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At rescued banks, perks keep rolling

Fewer perks, more pay

Jeffrey M. Peek received more than $100,000 for personal use of corporate jets. Peek is chief executive of the troubled lender CIT, which has received federal government support.
Jeffrey M. Peek received more than $100,000 for personal use of corporate jets. Peek is chief executive of the troubled lender CIT, which has received federal government support. (Mark Lennihan/associated Press)
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Some banks, mindful of the popular resentment over the government's $700 billion bailout of banks and other financial companies, have eliminated certain perks. And a few executives have voluntarily given up benefits that lawmakers have criticized as excessive. At Bank of America, for instance, senior executives will no longer use corporate jets for personal travel starting this year, a bank spokesman said.

Still, some companies that have taken away perks are making it up to executives by boosting their pay. SunTrust Banks eliminated most executive perks in 2008, including financial planning services, club memberships and payment of taxes on the perks, according to a corporate filing. But the bank also noted that "base pay increases were made in 2008 to offset this reduction in perks."

A spokesman for SunTrust, a recipient of $4.9 billion in government funds, said in an e-mail that the bank seeks to "maintain an executive compensation framework that is competitive, appropriate and consistent with industry practice, and we periodically make adjustments in line with that goal."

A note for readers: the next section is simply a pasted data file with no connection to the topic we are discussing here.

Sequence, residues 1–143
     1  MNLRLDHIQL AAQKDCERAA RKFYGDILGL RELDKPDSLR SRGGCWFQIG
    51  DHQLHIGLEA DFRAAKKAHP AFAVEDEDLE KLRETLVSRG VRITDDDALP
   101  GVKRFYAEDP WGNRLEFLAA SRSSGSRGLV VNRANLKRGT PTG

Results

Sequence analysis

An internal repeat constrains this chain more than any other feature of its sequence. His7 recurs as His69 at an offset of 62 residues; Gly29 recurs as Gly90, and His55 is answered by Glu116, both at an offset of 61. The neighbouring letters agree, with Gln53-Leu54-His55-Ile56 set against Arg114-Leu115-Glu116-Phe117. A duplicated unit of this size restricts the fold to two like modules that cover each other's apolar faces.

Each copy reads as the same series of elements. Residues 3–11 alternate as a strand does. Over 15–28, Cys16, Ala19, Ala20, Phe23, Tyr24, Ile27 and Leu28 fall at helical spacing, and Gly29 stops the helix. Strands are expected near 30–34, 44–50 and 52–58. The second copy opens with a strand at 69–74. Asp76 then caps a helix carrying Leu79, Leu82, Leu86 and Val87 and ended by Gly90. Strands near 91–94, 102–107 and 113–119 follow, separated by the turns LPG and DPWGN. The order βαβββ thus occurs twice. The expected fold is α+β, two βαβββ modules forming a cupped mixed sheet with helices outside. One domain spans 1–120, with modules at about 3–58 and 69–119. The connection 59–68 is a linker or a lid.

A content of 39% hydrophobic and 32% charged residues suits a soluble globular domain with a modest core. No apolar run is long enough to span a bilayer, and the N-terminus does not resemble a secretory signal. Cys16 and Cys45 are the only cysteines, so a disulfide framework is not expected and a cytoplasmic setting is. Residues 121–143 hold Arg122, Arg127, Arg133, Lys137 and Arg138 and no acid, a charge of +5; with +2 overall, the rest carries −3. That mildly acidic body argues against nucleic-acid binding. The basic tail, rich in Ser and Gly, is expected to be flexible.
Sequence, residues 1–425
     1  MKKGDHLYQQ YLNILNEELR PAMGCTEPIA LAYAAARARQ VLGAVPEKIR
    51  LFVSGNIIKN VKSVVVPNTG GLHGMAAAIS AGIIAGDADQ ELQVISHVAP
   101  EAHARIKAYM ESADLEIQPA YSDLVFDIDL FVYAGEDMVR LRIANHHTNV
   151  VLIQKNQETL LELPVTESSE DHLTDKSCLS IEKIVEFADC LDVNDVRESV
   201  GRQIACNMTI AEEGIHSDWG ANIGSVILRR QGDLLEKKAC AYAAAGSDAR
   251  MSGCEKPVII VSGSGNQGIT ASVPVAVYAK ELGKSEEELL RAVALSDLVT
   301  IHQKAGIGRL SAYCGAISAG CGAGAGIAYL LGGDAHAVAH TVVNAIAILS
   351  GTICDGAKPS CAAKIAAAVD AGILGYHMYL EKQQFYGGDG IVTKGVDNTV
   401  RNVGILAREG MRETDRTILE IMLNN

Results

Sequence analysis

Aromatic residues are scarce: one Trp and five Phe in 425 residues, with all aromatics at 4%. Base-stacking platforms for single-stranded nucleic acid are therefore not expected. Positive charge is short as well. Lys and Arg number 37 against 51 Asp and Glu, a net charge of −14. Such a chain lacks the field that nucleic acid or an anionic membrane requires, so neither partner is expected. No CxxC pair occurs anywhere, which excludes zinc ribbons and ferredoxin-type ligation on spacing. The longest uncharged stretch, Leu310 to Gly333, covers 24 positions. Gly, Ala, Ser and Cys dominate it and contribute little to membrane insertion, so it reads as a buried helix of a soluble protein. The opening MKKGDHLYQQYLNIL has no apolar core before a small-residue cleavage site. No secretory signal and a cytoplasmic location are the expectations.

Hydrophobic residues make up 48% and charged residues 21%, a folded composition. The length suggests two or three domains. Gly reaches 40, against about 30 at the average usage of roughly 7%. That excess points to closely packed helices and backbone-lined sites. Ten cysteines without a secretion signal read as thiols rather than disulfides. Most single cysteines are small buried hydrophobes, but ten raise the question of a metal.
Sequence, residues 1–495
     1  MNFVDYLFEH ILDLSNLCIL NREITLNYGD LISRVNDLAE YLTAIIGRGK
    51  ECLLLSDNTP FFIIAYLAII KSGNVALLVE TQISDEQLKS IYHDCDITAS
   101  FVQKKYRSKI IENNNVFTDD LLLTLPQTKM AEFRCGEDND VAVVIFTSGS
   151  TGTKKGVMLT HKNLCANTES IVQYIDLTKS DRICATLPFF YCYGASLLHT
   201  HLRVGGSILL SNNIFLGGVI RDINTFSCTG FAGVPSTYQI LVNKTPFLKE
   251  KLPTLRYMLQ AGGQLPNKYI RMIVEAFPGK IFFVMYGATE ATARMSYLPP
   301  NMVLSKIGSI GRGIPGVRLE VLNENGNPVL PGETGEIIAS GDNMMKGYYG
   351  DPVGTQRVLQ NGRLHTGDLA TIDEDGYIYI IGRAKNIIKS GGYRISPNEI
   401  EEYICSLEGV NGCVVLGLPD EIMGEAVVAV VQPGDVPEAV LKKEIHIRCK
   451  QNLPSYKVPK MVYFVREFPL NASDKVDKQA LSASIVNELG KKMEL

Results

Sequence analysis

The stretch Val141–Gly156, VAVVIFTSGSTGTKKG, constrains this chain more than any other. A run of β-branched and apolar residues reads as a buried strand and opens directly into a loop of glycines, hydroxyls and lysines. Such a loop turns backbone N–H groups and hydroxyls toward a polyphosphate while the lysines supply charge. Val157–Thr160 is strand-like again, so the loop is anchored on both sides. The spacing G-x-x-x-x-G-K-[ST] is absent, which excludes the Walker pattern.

Corporations have long defended perks as necessary for attracting and retaining talented executives. They also say some perks -- corporate jets and chauffeured drivers, for example -- are provided for security and to ensure that executives can work efficiently. In fact, it is not uncommon for companies to mandate that their chief executive use the corporate jet and car for all travel. American Express is one such company. Last year, it provided its chief executive, Kenneth I. Chenault, with $415,000 in corporate jet travel for personal reasons, as well as $201,000 for a home security system and $46,000 for security during personal trips.

A spokesperson for American Express declined to comment. The company's proxy statement says it eliminated tax gross-ups as of 2008.

GMAC said it had stopped using its corporate aircraft altogether after receiving a federal bailout in late 2008 and that de Molina, its chief executive, had declined a year-end bonus for 2008. He did receive a nearly $6 million award earlier in the year, however, and GMAC covered the taxes due on that bonus.

De Molina, a former executive at Bank of America who arrived at GMAC in 2007 and became its chief executive in April 2008, was "instrumental in leading the company through an incredibly challenging period and successfully executed a series of actions to stabilize the company," said Gina Proia, a company spokeswoman.

CIT, which cut its staff by 22 percent in 2008, declined to comment. Representatives for Comerica did not return phone calls.


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